Do you ever wake up and see that it's raining or snowing or cold or humid or you feel "tired" or you feel "sluggish" or you feel "input word here" that makes you believe that you should push your workout to later or another day?
Have you every thought that by moving your run, you might be cheating yourself of valuable growth?
What is preventing you from going ahead with what you planned despite un-perfect circumstances?
Do you think you won't do as well as you might if conditions were better? If you answer yes to this....what does how well you do in a workout really matter? Are you putting more emphasis on numbers than effort? Are you putting weight in what the workout looks like on Strava? Are you worried about what others might think, about what your coach might think, and about what you interpret the numbers in the workout to mean about your abilities?
What does this all boil down to?
Trust in yourself. Security in your process. When these things are lacking, we often attempt to control the things that are outside our management rather than forging ahead with the belief that we will do the best we can, and that is good enough.
Doing the workout in the rain, in the humidity, in the snow, when you're not feeling your best, when you're tired: doing this give you the opportunity to work through a challenge. That is what matters, the paces don't matter. When we rearrange things to be more perfect and try to control everything, we limit our ability to grow in uncertainty, we limit our ability to rise to the occasion when things are unknown, we impair our ability to adapt, improvise, and overcome.
Doing this, deciding to do the hard thing, goes against our natural protective instincts as human beings. Our brains always want to keep us the most safe, the most comfortable. Running and endurance training in general, goes against our inherent evolutionary protective nature and yet, it is so incredibly human to push ourselves and try to find out where the limit lies. There is this constant tug of war within us as human beings: to be safe yet find the edge. Maybe human beings are drawn to pushing themselves to the edge because we have this safety mechanism built in and it is within us to innovate and explore, not only the world around us but the depths of ourselves. I digress.
Your brain will always encourage the thing that feels most comfortable unless you decide to overcome that. It is so much more comfortable to feel warm, dry, cozy, and be at rest. But perhaps the desire to see where the limit lies is still there. Sitting dormant inside the recesses of your mind. Like an itch, waiting to be scratched.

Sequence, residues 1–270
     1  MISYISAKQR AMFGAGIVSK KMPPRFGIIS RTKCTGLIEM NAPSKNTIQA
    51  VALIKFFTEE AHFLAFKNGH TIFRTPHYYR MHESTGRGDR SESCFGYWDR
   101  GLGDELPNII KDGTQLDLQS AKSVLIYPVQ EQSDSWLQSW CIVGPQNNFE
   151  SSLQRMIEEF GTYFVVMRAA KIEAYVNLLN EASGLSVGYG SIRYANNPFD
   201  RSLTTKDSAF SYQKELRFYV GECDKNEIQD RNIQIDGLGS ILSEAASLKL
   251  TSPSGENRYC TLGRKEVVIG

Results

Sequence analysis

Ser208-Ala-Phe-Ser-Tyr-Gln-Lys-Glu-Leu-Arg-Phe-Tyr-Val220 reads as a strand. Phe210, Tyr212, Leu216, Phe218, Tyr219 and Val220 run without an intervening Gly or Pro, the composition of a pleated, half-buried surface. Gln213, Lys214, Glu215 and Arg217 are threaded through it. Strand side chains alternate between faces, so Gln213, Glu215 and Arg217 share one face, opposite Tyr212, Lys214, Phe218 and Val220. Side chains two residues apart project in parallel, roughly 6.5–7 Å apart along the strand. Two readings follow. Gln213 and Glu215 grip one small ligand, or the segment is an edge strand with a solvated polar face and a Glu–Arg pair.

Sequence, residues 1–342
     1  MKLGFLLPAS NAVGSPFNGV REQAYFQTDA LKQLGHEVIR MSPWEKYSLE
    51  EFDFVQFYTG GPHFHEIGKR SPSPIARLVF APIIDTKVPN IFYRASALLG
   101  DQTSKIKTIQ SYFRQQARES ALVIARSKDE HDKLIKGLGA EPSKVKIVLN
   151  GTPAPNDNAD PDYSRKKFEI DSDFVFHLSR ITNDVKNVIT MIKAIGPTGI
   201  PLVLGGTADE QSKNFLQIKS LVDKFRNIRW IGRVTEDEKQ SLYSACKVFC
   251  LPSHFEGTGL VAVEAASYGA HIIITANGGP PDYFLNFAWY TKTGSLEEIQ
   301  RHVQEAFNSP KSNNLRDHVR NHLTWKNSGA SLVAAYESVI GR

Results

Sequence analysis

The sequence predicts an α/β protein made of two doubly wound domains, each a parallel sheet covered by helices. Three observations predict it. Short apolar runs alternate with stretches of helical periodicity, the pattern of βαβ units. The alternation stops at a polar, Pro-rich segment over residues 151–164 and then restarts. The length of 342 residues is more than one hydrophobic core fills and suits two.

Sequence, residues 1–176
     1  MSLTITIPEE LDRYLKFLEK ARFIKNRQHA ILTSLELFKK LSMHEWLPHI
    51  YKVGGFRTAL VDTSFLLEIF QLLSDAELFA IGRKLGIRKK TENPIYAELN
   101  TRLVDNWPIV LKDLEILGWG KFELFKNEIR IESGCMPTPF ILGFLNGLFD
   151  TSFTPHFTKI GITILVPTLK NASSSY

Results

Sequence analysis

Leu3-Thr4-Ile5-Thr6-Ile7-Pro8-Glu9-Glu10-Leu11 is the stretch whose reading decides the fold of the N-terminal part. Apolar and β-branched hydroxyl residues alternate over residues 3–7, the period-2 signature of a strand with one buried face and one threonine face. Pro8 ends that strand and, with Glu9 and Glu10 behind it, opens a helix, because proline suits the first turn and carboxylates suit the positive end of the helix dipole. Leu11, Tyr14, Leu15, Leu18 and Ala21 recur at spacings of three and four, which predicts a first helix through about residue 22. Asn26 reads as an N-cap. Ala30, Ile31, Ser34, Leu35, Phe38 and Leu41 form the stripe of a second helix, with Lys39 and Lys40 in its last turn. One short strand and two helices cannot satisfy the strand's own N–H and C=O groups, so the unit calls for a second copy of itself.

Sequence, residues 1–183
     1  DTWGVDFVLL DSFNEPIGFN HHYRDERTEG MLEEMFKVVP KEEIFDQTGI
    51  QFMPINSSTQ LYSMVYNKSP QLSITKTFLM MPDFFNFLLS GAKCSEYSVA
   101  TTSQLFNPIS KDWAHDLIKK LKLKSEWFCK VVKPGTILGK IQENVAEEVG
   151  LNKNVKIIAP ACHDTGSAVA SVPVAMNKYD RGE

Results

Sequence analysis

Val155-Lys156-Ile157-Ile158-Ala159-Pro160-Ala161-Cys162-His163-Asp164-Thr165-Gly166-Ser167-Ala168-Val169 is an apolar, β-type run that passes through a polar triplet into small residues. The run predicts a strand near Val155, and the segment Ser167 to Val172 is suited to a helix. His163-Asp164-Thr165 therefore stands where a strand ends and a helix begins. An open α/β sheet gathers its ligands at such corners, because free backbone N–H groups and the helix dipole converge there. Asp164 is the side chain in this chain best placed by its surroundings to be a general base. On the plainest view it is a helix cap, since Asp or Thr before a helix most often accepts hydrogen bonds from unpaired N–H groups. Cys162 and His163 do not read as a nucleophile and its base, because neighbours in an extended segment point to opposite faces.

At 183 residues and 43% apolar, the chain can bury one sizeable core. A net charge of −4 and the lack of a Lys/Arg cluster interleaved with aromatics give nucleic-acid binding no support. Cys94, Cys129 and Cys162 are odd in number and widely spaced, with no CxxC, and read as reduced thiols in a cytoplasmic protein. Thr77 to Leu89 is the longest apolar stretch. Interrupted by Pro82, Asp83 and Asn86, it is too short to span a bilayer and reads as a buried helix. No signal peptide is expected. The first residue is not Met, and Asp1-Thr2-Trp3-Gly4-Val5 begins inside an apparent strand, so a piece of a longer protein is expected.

But when you choose to delay, to wait for a more perfect moment, this is a false positive and it tarnishes your goal in exchange for temporary comfort.
What else could it be? Maybe you feel demotivated. And I'm here to tell you that this is normal and not a problem. This is not an indicator that you are doing anything wrong. Most people feel demotivated most of the time. It is impossible to feel motivated all of the time. Motivation is unreliable. Feeling demotivated isn't something that should prevent you from running. When you make the negative emotion, or lack of motivation a problem, that's when we seek comfort to feel better. We convince ourselves that it's too hot, or too cold, or we're too tired, or we need more rest. But most of the time after the run you feel good. Most of the time, none of that is true and we cave to our brains manipulation undermining our drive and directing us towards comfort.
The reality is that we cannot expect to feel positive all the time. This is a highly unrealistic expectation. If our expectation is to always feel good, always feel positive, we are setting ourselves up for consistent failure in exchange for random and sporadic success on those lucky days when everything comes together ideally. Those days are few and far between and should be met with gratitude but not sought after.
Meet yourself where you're at. Accept that you feel negative, unmotivated, overwhelmed. Say it out loud that you don't want to run because it is too ____, whatever; say it out loud if you are doubting your abilities to overcome the circumstances.
Be compassionate with yourself. You don't have to be perfect. That doesn't exist, it is an impossible expectation and a way your brain tricks you to self-sabotage.
It doesn't mean skipping your run. It means running while feeling overwhelmed or unmotivated or mad or scared of the rain. You can feel tired and still get your run done. First accept what it is, what you're feeling, and make the decision to try anyway and accept whatever comes. You are responsible for your feelings. You will ultimately learn how to decide when you are skipping a session in support of yourself or against yourself. Sometimes the day does call for redirection, like let's say if you're vomiting or something. But most of the time you can move through whatever your brain is throwing at your to keep you in the comfort zone.
Remember, if you wait for things to be perfect, you'll always be waiting. You have the power to choose to accept yourself no matter how the session goes and decide it was good enough. You have the power to choose growth over stagnation.